People tend to romanticize working in a winery, and yet the business part of running a winery is just as important. Tell me how you developed your business skills.

While in the the Napa Valley, I worked for Chef Cindy Pawlcyn of Mustard’s Grill fame. What an amazing business woman she is. Her partner Sean Knight was instrumental in developing my skills as a manager. He took time to train me on financials and really seemed to believe in my potential.

Carrie with Chef Cindy Pawlcyn
What is it like to be a female in the wine industry, and how has it changed over the years?

I think it’s really common for women to deal with gender-related challenges at some point in their career. I have been extremely fortunate because I have worked with, and for, some truly amazing and inspiring women - and men, for that matter.

In recent years, I have observed that “women in wine” is being used more frequently as a marketing angle. It’s certainly a driver for consumers, who are particularly interested in supporting wineries with female winemakers.

In your experience, what has been done to champion women in the wine industry?

There are winery owners out there who really champion women in the wine business. Mike Martin, owner of The Walls, is one of them. Early on in our discussions about my joining The Walls, he expressed an appreciation of my experience and knowledge in the wine industry. He was really the first person in Washington who didn’t see me as Todd Alexander’s wife, but as an individual with her own set of skills and accomplishments. 

Carrie showcasing The Walls wine
I can understand why some might see my position in the industry as having to do with being married to a very well-respected winemaker. There are certainly benefits to being so close to someone so talented, creative, and dedicated. But we both work very hard and have our own set of skills contributing to our overall success in this industry.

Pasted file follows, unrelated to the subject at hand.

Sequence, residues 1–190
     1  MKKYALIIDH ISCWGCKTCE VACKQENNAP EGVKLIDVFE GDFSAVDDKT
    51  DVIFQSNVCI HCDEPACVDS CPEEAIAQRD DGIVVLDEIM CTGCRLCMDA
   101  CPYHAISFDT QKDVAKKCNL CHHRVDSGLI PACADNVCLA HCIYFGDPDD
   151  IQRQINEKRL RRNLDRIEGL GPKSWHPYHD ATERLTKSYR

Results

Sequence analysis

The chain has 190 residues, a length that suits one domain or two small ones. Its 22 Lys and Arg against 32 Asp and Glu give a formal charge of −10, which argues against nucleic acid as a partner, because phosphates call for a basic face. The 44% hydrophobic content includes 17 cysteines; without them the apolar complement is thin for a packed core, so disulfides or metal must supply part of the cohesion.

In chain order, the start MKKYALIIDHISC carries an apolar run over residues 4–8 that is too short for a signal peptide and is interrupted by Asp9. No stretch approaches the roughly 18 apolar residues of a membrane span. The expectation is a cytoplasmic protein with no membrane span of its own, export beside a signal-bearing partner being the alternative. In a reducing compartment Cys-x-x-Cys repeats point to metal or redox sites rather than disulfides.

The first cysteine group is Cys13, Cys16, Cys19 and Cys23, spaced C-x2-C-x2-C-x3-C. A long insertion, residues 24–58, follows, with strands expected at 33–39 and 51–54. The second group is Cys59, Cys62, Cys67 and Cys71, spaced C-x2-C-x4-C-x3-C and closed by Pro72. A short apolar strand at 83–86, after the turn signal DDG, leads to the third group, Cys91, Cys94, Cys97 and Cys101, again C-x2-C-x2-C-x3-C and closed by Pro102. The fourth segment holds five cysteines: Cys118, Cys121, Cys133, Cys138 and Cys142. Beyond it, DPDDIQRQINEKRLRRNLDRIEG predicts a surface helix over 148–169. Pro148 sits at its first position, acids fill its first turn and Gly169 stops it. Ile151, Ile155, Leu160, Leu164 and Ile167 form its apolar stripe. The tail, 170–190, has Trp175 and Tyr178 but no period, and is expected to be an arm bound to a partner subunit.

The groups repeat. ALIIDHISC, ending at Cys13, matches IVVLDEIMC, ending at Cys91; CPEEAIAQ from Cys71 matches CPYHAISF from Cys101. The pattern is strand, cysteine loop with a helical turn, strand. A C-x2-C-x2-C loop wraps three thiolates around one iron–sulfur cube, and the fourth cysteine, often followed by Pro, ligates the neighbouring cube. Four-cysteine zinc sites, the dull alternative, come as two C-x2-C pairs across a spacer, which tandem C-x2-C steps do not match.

To me, feminism is about equality. It may be somewhat controversial, but I actually don’t try to involve myself in groups that are specifically for women. I prefer to be a part of groups that are diverse and then work toward improving women’s recognition within those groups. 

Is there one woman in the industry who has inspired you throughout your career? 

Absolutely. I don’t even have to think for two seconds about who it is. Blakesley Chappellet is someone I admire and whom I consider a mentor. I worked with Blakesley at Chappellet in the Marketing Department. Her uncompromising quest for excellence in experience and aesthetics are an inspiration to me. I will never forget her saying, “Fine is NOT fine.” That is, if it’s “fine,” it is not good enough. 

What is your advice for young women who want to venture into the wine industry? 

Find people who care about purpose-driven businesses. A purpose-driven business is one that cares not just about gender equality, but about equality for all. It cares about economic and environmental sustainability and providing a living wage to all those along the supply chain. Sustainable, purpose-driven businesses are inherently going to care about your future within them.